to have happened about 1190, though some authorities maintain that it was not
till 1191 or even later. While, therefore, the three great orders had much in
common, there was this difference in their original foundation. The
Hospitalers were at first a nursing order, and gradually became military; the
Templars were always purely and solely military; while the Teutonic Knights
were from the first both military and nursing.
Contemporary chroniclers compare the Teutonic Knights with the mystic
living creature seen by Ezekiel, having the faces of a man and of a lion, the
former indicating the charity with which they tended the sick; the latter, the
courage and daring with which they met and fought the enemies of Christ.
The Teutonic Knights continued their care of the sick soldiers till Acre
was taken in July, 1191, by the united forces of Philip Augustus, King of
France, and Richard Coeur de Lion, King of England. After the capture of Acre
by the Christian army, Henry de Walpot purchased a site within the city, and
built a church and hospital for his order, the first that it possessed. To
these buildings were gradually added lodgings for the members of the order,
for pilgrims, and for the soldiers which were enlisted to assist the knights
in the field.
All this cost a large sum of money; but, as many wealthy Germans had
enrolled themselves as knights, means were not wanting as the occasion for
them occurred and the requirements of the order developed. Among the greatest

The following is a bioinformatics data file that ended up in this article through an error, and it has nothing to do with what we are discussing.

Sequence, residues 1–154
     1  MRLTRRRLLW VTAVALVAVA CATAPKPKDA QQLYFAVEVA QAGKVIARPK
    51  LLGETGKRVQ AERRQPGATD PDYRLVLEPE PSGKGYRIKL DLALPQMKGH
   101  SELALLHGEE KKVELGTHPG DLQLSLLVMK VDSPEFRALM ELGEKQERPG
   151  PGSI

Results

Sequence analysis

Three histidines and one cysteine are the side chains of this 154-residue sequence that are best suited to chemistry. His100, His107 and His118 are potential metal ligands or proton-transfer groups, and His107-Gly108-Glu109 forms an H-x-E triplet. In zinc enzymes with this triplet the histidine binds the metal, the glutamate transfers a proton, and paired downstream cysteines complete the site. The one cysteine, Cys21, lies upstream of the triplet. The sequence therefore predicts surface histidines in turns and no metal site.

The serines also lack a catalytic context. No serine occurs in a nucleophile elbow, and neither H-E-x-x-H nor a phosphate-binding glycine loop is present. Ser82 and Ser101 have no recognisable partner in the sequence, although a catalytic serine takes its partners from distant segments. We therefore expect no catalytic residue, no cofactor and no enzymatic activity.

of the earlier benefactors was Frederick, Duke of Swabia, who contributed
money and aided the progress of the order by his influence, and, when he died
at Acre, was interred in the church of the knights. Contemporary writers speak
in the highest terms of his virtues, saying that he lived a hero and died a
At this period and for the rest of its history, the constitution of the
Teutonic order embraced two classes of members - the knights and the clergy -
both being exclusively of German birth. The knights were required to be of
noble family, and, besides the ordinary threefold monastic vows, took a fourth
vow, that they would devote themselves to the care of the sick and to fight
the enemies of the faith. Their dress was black, over which a white cloak
with a black cross upon the left shoulder was worn. The clergy were not
necessarily of noble birth, their duties being to minister to the order in
their churches, to the sick in the hospitals and on the field of battle.
To these two classes, who constituted the order, were added serving
brethren, called Heimlike and Soldner, and in Latin, Familiares. Many of
these gave their services gratuitously from religious motives; others received
payment and were really servants. The knights selected their esquires from
among the serving brothers. All these wore a dress of the same color as the
knights, that they might be known at once to belong to the order.
The original rules of the order were very severe. All the members lived